If you're injured on the job, your employer is probably going to demand a drug and alcohol test. What happens if you fail the test, but you're sure that the drugs or alcohol had nothing to do with the accident? Should you be barred from collecting workers' compensation benefits because, for example, you have traces of THC (marijuana) in your system on Wednesday, when the last time you smoked any was on Saturday night?
There Is A Presumption That Your Drug Or Alcohol Use Caused The Injury
In most states, there's a legal presumption that automatically blames the drugs or alcohol in your system for your injuries. In order to collect workers' compensation, you have to challenge this presumption and prove that the accident had no relationship to your use of any intoxicating substance.
Is that even possible? Yes, but it isn't always easy to do, and often relies heavily on the facts of your case. A court will generally look to see if:
- there is any evidence that you were high or drunk on the job.
- there is any evidence that being high or drunk caused the accident.
- any evidence that shows the amount of time that elapsed between your accident and your use of drugs or alcohol.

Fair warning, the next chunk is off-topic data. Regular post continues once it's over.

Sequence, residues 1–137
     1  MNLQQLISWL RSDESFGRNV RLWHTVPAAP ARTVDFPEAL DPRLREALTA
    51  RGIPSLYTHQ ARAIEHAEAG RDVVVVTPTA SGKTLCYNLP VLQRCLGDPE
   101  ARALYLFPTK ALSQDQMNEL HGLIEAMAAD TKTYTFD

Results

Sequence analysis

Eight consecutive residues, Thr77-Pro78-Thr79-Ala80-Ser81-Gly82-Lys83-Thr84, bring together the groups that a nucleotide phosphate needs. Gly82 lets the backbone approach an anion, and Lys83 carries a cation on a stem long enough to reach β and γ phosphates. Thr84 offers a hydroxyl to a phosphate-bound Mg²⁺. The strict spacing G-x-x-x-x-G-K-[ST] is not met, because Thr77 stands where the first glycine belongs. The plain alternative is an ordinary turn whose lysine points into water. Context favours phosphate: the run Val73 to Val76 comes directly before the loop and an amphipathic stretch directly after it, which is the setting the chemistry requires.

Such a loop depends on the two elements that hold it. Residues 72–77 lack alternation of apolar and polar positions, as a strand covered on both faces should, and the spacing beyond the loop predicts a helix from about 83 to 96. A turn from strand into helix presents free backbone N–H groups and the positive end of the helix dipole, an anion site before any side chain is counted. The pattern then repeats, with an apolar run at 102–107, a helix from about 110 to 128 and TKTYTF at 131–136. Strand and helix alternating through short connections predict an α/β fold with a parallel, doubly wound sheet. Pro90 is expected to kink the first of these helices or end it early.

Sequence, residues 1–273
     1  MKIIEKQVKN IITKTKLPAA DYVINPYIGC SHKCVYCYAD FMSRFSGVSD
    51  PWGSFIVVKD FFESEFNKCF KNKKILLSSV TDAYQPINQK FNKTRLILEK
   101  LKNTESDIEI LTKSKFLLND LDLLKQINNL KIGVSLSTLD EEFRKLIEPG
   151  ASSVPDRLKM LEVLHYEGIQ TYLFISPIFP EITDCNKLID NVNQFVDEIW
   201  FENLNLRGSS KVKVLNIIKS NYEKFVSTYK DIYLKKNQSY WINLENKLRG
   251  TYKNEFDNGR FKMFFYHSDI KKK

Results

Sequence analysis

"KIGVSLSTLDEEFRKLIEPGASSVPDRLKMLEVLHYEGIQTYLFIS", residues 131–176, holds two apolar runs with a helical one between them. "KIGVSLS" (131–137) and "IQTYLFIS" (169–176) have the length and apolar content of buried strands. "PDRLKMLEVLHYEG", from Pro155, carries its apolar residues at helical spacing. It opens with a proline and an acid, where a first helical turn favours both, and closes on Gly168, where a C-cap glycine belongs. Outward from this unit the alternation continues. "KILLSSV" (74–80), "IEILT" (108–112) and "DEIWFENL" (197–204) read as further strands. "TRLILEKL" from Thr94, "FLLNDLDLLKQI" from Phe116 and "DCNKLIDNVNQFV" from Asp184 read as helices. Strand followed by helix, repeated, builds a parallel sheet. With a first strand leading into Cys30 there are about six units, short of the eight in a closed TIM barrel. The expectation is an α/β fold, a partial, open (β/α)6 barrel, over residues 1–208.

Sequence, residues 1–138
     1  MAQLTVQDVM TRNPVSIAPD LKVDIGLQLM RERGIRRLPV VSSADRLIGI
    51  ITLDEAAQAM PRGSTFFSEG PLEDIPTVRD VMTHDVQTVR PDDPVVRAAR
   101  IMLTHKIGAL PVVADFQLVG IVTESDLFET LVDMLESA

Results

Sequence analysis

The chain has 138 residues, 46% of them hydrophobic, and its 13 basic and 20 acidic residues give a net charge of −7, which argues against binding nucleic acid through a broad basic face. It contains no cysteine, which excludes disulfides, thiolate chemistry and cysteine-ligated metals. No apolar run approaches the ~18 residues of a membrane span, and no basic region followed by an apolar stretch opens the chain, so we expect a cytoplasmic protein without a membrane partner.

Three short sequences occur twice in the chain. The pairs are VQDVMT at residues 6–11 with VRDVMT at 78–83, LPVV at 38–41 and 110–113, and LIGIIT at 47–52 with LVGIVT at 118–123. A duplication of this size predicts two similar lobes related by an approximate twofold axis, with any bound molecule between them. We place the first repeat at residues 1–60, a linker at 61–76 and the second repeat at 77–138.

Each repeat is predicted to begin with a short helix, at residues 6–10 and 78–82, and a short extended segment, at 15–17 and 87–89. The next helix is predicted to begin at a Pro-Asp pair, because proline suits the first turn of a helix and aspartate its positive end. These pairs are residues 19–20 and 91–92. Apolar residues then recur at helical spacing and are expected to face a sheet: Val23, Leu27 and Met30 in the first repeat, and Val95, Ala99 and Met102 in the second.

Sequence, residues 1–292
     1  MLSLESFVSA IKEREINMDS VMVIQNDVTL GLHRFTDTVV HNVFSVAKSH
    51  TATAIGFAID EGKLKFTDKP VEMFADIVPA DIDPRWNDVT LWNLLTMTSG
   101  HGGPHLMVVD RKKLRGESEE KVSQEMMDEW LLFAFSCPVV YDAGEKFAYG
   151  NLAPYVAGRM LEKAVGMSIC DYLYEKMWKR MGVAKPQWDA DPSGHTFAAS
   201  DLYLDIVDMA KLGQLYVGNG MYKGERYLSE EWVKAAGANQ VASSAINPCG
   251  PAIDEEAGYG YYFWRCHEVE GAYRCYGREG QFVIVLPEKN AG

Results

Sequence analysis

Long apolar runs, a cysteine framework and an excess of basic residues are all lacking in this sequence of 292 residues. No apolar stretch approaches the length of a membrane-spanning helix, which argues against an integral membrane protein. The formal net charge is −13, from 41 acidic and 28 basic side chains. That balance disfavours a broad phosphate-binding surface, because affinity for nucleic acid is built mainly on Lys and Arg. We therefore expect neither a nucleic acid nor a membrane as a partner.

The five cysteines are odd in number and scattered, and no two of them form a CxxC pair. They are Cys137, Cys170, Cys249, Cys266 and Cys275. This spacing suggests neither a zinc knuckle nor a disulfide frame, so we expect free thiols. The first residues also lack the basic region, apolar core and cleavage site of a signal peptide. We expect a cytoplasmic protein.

What Can Your Attorney Do To Help Disprove The Idea That Drugs Or Alcohol Led To Your Injury?
If you've been denied workers' compensation benefits due to the presence of drugs or alcohol in your system, you attorney can approach the situation several different ways.
First, your attorney can challenge the results of the drug or alcohol screening. Breathalyzer tests have been shown to be unreliable, confusing things like a high concentration of acetone in the breath (which is a naturally occurring by-product of the metabolism and can be high in some people, especially those with low blood sugar) with alcohol from beverages. Something like gastroesophageal reflux disease (GERD) can also cause a false positive.
Urine tests are also unreliable when it comes to proving when a person used a drug. All it can prove is the presence of "metabolites" in somebody's system that show a drug entered his or her body at some point prior to the test. In addition. it's estimated that drug tests produce false positives 10% - 30% of the time.
Even if you admit to drug or alcohol use, your attorney can examine the facts of the case to prove that there wasn't any significant relationship between your substance use and the accident.
If your employer has denied your workers' compensation claim due to the use of drugs or alcohol, contact an attorney such as Parker & Frey who can help you right away. That way, you can quickly file your appeal and hopefully get your injuries covered as soon as possible.